Manohar Parrikar’s greatest strength lay in his simplicity and transparency, and his reticent nature — not the positions he occupied or the policies he framed.
Sometime in the early 2000s, I visited Goa in connection with some RSS work. A meeting with the state’s chief minister was arranged at his residence in the morning before he began his official work. I was at the CM’s residence by about 8.30 am. After a few minutes, I found Parrikar, the then CM of Goa, driving in in his personal car, a Maruti Zen, if I remember correctly. A bit surprised, I asked him if there was no driver available that morning. The CM replied in a very matter-of-fact way that he uses his personal car every morning to drop his children to school. He used the services of the government driver only for going to the Secretariat later in the morning.
What is integrity after all? It is about “choosing courage of conviction over comfort, choosing what is right over what is fun, fast or easy and, most importantly, choosing to practise values rather than simply professing them”. Parrikar lived a life of integrity. He never spoke about it or showed off.
He was not a great communicator. The longest speeches he delivered would have been about 20-30 minutes long. But his popularity had no limits. He was the glue that kept the BJP and the government in Goa going. Everyone surrendered before his exemplary personality.
A swayamsevak of the RSS since childhood, Parrikar personified quintessential RSS-ness: He was disciplined, unassuming, transparent and courageous. Those who have seen him from the days when he was the sanghachalak, local head of the Goa RSS, vouch for the fact that he remained unchanged through his political journey. Power and position didn’t change him. He was dedicated to his job, but detached from its aura.
Parrikar, who graduated from IIT Bombay in 1978, could have opted for a well-paying career abroad. Instead, he returned to his native town of Mapusa in Goa and got into a small manufacturing business. He became the sanghachalak of the Goa unit of the RSS at the relatively young age of 26. It was during the Ram Janmabhoomi movement that I had first heard of this well-educated young leader of the RSS.
When the BJP decided to expand its influence in the erstwhile Portuguese colony, in whose struggle for liberation many RSS volunteers had actively participated in, the party commissioned several functionaries of the RSS, including Parrikar, to work for it. Thus started Parrikar’s political innings.
In his political career of 25 years, Parrikar held several important and prestigious posts. He became the chief minister of the state three times — first in year 2000, then in 2012 and finally in 2017. He had made a special place for himself in Goa politics, which had seen many ups and downs since the BJP started challenging the hegemony of the Congress. It would not be an exaggeration to say that in the last two decades, politics in Goa revolved round Parrikar. Whether in power or out of it, whether he was in Goa or in Delhi, Parrikar would control the state’s politics. “You may take me out of Goa but you cannot take Goa out of me,” he used to say.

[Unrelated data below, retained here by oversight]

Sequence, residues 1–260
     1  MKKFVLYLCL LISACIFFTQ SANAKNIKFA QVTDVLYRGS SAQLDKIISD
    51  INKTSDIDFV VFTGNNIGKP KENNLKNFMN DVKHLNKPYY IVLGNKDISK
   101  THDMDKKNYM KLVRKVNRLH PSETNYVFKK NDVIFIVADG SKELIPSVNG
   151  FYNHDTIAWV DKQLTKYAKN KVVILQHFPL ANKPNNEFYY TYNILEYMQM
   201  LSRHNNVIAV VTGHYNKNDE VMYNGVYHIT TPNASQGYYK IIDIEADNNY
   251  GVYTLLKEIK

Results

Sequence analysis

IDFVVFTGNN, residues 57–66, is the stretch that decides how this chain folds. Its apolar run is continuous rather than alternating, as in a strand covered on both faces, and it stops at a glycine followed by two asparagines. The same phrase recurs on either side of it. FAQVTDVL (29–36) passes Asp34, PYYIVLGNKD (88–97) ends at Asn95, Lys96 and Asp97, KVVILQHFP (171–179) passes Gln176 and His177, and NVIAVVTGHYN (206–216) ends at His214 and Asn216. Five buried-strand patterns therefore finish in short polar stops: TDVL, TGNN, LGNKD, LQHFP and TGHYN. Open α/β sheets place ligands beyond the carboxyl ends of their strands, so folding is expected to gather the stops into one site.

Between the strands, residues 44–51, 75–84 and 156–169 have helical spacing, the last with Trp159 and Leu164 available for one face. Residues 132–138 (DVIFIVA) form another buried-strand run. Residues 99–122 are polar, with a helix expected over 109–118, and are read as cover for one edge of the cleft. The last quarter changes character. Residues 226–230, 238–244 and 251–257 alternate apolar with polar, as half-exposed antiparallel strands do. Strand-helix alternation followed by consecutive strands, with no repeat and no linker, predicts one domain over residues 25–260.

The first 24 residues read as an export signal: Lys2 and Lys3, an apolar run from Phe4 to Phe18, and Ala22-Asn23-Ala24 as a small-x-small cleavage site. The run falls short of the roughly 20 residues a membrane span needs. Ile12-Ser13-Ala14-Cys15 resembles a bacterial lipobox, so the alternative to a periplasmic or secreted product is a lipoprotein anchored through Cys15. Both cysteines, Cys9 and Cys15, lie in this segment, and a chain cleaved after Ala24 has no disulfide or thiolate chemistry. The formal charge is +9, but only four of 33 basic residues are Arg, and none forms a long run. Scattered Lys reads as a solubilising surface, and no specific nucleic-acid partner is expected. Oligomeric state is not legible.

After the BJP’s victory in the 2014 parliamentary elections, some of us who had known Parrikar well felt he should now move to Delhi and play a bigger role at the Centre. Incidentally, the BJP had announced the candidature of Narendra Modi for prime ministership at its conclave in Goa in 2013 and Parrikar, who was the state’s chief minister at that time, played an important role in the making of that decision. Naturally, Prime Minister Modi liked our idea and sent word to Parrikar in November 2014 to join his cabinet.
Parrikar held the defence minister’s portfolio in Modi’s government for almost two-and-a- half years. One challenge that he tackled deftly was the One Rank One Pension (OROP) issue. As defence minister, he allowed direct access to the chiefs of the armed forces to his office and ran the ministry hands on.
Parrikar’s forthrightness dragged him into controversies occasionally. His views on Pakistan and his opinion on the no-first-use nuclear doctrine became debating issues in TV studios. But nobody ever disrespected or derided him. Everyone knew that his opinions were borne out of genuine beliefs.
His greatest strength lay in his simplicity and transparency, and his reticent nature — not the positions he occupied or the policies he framed. He would always be seen in his sandals and half-sleeved shirt, even at official events. People remember that he walked alone to the hotel after the BJP’s victory in the Goa assembly elections in 2012, only to be anointed as the state’s chief minister a few minutes later. Many will remember Parrikar sitting next to them in the economy class of flights. People also can’t forget images of him delivering the budget speech a couple of months ago, with an oxygen tube attached to his nose. Such was his dedication to the people of Goa.
Goa occupied the central space in his thinking and action at all times. He wanted the small state to not just remain a pleasure destination or a hub of film festivals. He suggested that the state be a destination for intellectual activity as well. He encouraged us to hold the annual Ideas Conclave of the India Foundation at Goa. He was keen that Goa should enter into a sister-state agreement with Hawaii in the US and develop maritime institutions in collaboration with the ones in Hawaii. In fact, everything had been worked out and the signing of the agreement awaited his travel to Honolulu.
He did travel to the US in February, only to bring us the bad news of advanced cancer. Parrikar did his best for Goa and the country. The only thing he probably missed was the desire to be an ordinary citizen again, in the last 10 years of his life. Providence wanted him to go as a working, not retired, man.
(The article was originally published in Indian Express on March 19, 2019. Views expressed are personal)